I did a bunch of research to find the right plan, so if you're trying to do something similar, you might find this useful.
I'm not a fan of two-year contracts to start with, and while I have no problem with Verizon per se, their policy of not allowing early upgrades without paying the contract cancelation penalty — around $180 in my case, for the remaining six months on the contract — gave me less incentive to stick with them, since I'd have to pay that anyway.
The NYT had a story in December about T-Mobile's upcoming iPhone 5 pricing: They weren't going to subsidize the phone, but their monthly fee was lower, so for some use cases, it made more sense to pay $650 up front for the device. I read about Walmart offering a similar plan. GigaOm had an article about "off-contract" options; demand for this up-front payment structure is clearly growing. Around the same time, a colleague at work realized that he rarely makes phone calls, and switched to using an iPod Touch with a $50/m mobile wifi hotspot. I realized I don't make a lot of phone calls either, and when I do, I can easily use Skype.
The plan I went with was T-Mobile's $30/month pre-paid plan, with unlimited data ("first 5 GB up to 4G speeds," then 3G), unlimited SMS, and only 100 minutes of talking per month. That balance is pretty much exactly what I need, and the price is awesome.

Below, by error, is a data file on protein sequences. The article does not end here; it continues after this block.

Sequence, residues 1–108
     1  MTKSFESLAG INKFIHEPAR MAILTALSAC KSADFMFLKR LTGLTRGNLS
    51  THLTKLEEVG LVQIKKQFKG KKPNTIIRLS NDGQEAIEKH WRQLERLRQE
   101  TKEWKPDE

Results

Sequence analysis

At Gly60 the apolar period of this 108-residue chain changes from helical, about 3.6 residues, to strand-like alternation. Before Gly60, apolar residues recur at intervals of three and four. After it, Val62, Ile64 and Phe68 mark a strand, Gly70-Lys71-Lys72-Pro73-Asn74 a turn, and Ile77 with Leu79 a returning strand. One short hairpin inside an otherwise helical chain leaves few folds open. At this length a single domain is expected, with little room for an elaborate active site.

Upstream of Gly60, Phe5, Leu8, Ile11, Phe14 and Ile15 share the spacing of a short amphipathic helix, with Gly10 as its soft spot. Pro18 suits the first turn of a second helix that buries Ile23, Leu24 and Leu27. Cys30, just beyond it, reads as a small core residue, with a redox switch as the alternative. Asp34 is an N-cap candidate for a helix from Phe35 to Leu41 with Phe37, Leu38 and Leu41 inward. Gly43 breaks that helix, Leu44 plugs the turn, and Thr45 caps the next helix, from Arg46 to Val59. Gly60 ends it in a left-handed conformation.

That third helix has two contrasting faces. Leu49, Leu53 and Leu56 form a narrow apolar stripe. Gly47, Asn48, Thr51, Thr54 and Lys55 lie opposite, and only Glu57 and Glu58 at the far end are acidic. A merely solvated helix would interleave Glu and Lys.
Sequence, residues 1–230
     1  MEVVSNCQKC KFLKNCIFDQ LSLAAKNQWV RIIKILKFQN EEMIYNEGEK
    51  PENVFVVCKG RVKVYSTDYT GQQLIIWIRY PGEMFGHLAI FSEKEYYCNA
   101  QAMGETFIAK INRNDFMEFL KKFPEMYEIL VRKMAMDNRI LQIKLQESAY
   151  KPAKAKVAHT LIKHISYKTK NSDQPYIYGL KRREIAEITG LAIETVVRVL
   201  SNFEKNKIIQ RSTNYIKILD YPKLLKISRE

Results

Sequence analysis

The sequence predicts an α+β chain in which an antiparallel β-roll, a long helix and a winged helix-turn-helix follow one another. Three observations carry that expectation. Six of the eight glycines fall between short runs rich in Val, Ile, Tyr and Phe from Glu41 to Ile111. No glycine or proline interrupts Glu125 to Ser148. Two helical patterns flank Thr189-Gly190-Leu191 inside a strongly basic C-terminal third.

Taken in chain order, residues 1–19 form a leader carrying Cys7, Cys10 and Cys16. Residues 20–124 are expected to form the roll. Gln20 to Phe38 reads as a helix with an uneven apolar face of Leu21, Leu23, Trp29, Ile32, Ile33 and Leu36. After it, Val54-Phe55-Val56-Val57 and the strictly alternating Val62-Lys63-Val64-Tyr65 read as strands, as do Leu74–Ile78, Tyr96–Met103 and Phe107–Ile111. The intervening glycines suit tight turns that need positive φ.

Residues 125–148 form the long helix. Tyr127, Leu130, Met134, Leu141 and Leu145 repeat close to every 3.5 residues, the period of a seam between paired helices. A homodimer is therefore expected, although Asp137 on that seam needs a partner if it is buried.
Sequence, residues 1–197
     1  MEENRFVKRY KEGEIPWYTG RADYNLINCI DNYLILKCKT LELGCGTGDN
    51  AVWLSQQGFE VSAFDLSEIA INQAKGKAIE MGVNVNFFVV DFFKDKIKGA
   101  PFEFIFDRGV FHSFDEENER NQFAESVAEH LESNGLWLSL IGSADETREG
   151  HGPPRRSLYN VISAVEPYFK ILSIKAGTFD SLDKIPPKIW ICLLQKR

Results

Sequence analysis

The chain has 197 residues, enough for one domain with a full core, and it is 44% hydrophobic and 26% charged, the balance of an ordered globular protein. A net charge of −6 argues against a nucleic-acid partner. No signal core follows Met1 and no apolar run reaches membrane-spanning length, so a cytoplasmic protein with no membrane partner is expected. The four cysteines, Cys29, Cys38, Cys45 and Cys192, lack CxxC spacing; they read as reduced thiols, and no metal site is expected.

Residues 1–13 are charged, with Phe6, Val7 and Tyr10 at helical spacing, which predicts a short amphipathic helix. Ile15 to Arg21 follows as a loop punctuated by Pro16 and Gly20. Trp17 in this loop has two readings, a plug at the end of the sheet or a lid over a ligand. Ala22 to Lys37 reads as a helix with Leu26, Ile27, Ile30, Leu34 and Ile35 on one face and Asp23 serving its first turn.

You can see the cost comparison, spread over two years, on the spreadsheet here. Here's a summary:
- Starting a new Verizon monthly plan, with a data cap and a subsidized iPhone 5, would cost around $2828 over 2 years.
- Walmart's plan, with a bullshit terms of service and unlimited data only in name (it's actually throttled over a low cap), would cost $1890.
- Buying a retail CDMA iPhone and using it with a Verizon family plan would cost $1710.
- Retail GSM iPhone, T-Mobile's $30/month plan, $1530.
For my low-talk needs, it was a no-brainer. T-Mobile has good coverage in the Bay Area. Since it's pre-paid, if I don't like T-Mobile, I can switch to AT&T or one of the GSM virtual operators. (Note if you're doing your own research: The CDMA/Verizon model iPhone is also GSM compatible, but it's not clear if it works with 4G on GSM, or just 3G; I got conflicting information about this.) Alternatively, if I need to use my phone as a wifi hotspot, or I need to make more calls, I can upgrade to a $50/m or $60/m plan for a month and then go back.
Getting it hooked up was a little tricky: The $30/m plan is only available online, but you can't get "nanoSIMs" online, only the larger "microSIMs". After first thinking I had been lied to at the T-Mobile store (which told me to go home and buy the plan online), I realized how the game works: Sign up with a microSIM, take it to the store, and they'll slice it down to a nano. (It's just extra plastic around the same chip. You could probably cut it at home but it's less risky to let them do it.) They don't advertise that you can do this, but they don't exactly hide it, either.
I'd like to see this kind of pricing model become more popular. But psychologically, people are scared off by the initial price tag and don't think long-term, so I doubt Verizon's side business of phone loans will go away any time soon.